Jane Austen: Emma
Edited by James Kinsley and David Lodge
World’s Classics 1980 (1971)
How much more must an imaginist, like herself, be on fire with speculation and foresight! — Emma, Volume III Chapter 3
Emma thoroughly deserves its plaudits as an epitome of the author’s skills. Its status as Austen’s longest novel and the main product of her mature years ensures that any assessment I give is bound to be brief and inconsequential; but I’d be remiss if I didn’t add my own two-penn’orth of praise to the general applause.
Its chief protagonist is Emma Woodhouse of Hartfield, Highbury in Surrey. She lives alone with her aged widowed father — alone, that is, apart from the usual complement of servants — since her elder married sister now lives in London 16 or more miles away. As Highbury and parts of neighbouring parish Donwell constitute a sizeable village, almost a town, she is familiar with most of the inhabitants, their comings and goings, their status and their prospects.
This allows her a substantial amount of time to imagine unattached individuals being paired with other such souls, and at first she is pleased to picture herself as a matchmaker. This has already happened with her former governess, Anne Taylor, with Emma fancying she had a hand in uniting Miss Taylor with Mr Weston: ‘there was some satisfaction in considering with what self-denying, generous friendship she had always wished and promoted the match.’ She soon devotes herself to pairing her protégée Harriet Smith with the new vicar Mr Elton. But disaster is just around the corner and Emma realises she has committed a monumental misjudgement.
Just as she resolves to learn her lesson a new person enters Highbury society: Frank Weston Churchill is the son of Mr Weston by a former wife, adopted by his relatives the Churchill family from Yorkshire. By all appearances he appears to be making a play for Emma herself, though despite being flattered she lacks any conviction that she owns any reciprocal attraction. Again, all is not as it seems.
If Jane Austen was ever tempted to follow the alliterative leads of Sense and Sensibility and Pride and Prejudice she might well have entitled this something like Dissembling and Deception. On one level Emma is all about deceit, whether done by those attempting to deceive others by overt behaviours or practised by those who unknowingly deceive themselves. But to merely characterise Emma this way would be to do it a great disservice.
Austen’s novels are often referred to as comedies of manners. There is certainly humour aplenty. The garrulous Miss Bates, whose monologues in company often amount to a page or more of text, is one figure of fun; another is the thoroughly unpleasant Mrs Elton who — an imaginist in her own way — unfavourably compares and contrasts Highbury society with that of Maple Grove near Bristol, and who disparages anybody she feels below her station. But the author can just as easily turn on a sixpence and in the midst of a comic situation deliver despair and mortification.
Embedded in this realist novel though are nuggets of Austenian metafiction. First is Emma’s self-definition as an ‘imaginist’: when Miss Woodhouse foretells the narratives of future relationships (whether or not they turn out as she predicts) Jane is surely slyly acknowledging her own role as a fiction writer — and ours as readers — in imagining where people’s paths through life will take them. We are, in a sense, all imaginists if we play the game.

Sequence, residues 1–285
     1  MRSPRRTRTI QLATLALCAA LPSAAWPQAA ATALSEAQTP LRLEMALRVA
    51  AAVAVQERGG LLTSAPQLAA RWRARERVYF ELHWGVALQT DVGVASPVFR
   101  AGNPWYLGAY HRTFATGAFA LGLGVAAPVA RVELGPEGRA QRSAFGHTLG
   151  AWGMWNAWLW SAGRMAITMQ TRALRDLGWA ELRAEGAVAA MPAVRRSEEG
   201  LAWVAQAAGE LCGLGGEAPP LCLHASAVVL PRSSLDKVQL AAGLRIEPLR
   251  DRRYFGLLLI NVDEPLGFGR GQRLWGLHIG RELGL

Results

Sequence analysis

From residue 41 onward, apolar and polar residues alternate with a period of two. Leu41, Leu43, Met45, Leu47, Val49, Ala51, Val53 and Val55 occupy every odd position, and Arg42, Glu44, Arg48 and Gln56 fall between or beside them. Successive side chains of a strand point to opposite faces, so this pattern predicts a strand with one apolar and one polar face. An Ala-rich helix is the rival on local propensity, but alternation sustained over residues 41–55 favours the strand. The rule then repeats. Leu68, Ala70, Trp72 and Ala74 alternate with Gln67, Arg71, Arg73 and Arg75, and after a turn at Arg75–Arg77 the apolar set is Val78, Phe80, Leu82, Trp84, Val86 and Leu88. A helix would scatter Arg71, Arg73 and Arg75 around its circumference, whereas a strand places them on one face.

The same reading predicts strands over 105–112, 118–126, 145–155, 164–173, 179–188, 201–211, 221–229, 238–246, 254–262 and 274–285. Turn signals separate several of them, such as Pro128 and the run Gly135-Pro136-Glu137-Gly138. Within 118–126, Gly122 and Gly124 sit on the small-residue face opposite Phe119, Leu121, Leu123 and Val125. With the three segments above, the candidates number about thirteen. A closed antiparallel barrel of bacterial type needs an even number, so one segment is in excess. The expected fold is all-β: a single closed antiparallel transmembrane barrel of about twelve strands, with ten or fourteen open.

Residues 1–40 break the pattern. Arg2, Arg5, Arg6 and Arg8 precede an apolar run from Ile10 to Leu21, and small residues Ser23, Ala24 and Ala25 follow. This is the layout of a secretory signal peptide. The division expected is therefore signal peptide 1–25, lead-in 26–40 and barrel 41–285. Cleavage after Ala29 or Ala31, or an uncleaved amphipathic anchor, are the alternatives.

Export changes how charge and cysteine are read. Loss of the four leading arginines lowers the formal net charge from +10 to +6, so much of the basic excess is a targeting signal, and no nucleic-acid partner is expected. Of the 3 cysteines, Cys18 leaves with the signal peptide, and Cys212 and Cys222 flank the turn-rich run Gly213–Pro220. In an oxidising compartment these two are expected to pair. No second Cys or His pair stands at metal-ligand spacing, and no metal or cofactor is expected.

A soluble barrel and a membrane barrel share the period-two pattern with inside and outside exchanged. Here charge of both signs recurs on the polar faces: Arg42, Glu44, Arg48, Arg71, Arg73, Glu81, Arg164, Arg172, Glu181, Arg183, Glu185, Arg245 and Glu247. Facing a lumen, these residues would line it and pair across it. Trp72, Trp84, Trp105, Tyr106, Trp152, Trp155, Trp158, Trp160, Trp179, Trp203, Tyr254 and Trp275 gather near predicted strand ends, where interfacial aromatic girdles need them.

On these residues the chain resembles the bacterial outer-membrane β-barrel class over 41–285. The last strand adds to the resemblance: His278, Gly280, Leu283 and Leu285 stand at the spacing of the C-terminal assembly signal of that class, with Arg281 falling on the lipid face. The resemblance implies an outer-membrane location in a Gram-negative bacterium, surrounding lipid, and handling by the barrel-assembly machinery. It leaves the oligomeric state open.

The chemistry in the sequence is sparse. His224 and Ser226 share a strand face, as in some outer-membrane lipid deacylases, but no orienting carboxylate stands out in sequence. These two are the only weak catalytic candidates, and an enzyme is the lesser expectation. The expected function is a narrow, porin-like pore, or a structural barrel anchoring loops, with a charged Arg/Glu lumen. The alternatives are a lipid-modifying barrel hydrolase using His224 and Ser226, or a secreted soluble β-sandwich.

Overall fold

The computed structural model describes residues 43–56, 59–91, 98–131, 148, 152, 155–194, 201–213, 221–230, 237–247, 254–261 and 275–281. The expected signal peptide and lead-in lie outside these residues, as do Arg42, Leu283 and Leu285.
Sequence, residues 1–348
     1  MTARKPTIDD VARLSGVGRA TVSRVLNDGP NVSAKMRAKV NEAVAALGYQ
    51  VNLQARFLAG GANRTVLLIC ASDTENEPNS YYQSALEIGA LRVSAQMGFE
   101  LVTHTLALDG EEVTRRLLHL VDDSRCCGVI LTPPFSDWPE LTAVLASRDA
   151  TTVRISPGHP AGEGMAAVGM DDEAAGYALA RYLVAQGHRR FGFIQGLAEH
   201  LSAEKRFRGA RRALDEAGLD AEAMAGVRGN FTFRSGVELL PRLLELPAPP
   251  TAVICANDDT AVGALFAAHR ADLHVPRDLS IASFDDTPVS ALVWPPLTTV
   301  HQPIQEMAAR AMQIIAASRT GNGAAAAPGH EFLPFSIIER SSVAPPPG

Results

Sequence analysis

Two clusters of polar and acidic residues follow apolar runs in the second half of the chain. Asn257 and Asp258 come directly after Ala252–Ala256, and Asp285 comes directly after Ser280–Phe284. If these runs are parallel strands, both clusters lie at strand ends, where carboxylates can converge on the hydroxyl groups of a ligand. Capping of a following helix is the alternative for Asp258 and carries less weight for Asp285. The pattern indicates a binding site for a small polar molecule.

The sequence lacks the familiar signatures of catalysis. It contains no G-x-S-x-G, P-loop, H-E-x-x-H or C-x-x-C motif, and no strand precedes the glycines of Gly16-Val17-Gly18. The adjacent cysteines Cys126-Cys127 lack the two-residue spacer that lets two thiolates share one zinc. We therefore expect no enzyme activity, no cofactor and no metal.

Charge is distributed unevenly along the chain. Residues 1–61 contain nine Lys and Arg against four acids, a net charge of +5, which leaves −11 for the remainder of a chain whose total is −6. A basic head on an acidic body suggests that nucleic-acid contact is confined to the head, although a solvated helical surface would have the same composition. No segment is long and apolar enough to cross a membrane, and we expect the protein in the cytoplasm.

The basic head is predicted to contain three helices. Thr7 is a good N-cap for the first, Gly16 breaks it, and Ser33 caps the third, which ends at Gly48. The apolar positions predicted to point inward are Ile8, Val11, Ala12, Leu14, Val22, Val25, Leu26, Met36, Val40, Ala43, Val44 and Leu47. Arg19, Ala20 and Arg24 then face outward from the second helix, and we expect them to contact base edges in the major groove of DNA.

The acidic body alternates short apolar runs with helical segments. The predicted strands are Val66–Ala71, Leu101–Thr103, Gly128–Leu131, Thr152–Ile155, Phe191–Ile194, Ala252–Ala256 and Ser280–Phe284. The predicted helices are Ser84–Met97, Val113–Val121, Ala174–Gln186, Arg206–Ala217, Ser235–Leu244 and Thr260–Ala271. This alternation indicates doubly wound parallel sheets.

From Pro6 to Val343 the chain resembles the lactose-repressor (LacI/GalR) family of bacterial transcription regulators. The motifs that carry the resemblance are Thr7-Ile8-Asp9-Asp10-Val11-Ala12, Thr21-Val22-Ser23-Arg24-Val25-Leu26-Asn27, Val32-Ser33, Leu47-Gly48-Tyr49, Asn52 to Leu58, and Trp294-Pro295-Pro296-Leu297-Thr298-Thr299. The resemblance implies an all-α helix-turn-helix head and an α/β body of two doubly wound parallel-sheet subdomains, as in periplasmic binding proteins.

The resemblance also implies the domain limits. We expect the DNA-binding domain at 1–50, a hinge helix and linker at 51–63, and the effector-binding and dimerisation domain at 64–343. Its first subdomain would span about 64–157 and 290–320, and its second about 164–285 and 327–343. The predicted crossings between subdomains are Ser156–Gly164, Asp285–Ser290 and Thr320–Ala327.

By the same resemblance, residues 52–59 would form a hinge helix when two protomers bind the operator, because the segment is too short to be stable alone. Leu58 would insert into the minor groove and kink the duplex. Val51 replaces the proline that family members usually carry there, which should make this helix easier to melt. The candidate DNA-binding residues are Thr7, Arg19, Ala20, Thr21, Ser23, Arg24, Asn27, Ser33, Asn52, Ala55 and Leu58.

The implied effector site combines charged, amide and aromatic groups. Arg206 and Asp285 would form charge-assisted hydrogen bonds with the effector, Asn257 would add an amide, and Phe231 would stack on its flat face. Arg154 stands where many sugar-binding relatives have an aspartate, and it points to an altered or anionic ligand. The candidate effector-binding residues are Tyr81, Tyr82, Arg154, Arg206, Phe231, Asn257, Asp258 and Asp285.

Secondly, the author doesn’t do what she had done in a couple of earlier novels, inserting her authorial voice in a concluding chapter. Instead she indicates her hidden presence by numerous references to game-playing. Early on Emma tries to ‘improve’ Harriet by encouraging her to collect riddles, puzzles, enigmas, charades or conundrums to put in a special notebook at Hartfield. Later on, at Donwell Abbey (the home of the upstanding Mr Knightley, a dear friend of the Woodhouse family and significant player in the action such as it is) letter tiles designed to educate Emma’s nephews and nieces are purloined; they’re put to new use for some of the assembled company to play a Scrabble-like word game for their amusement. Later still, a group excursion to Box Hill occasions an ill-judged injunction for people to state frankly what they are thinking.
The fact that all three episodes of game-playing result in undesirable outcomes may well be Jane’s subtle way of intruding herself anonymously: if not for these notionally innocent games that she has inserted, the author seems to be saying, the plot would not be driven onwards to achieve ultimately desirable outcomes, and Emma would just be a succession of scenes and vignettes from village life. Which, emphatically, it is not.
To mention more characters would amount to a bald catalogue; better by far would be for new readers to acquaint themselves with Highbury folk as they appear in the pages of the novel; there’s no doubt they repay the effort many times over.
This World’s Classics edition from Oxford Paperbacks includes a not too out-of-date bibliography and a short chronology of Jane’s life, plus notes and an enlightening introduction (best examined subsequent to a first reading) by David Lodge.
I can’t resist adding more remarks on this remarkable novel, but I’ll leave that for at least one other post, with an early warning that there will be spoilers!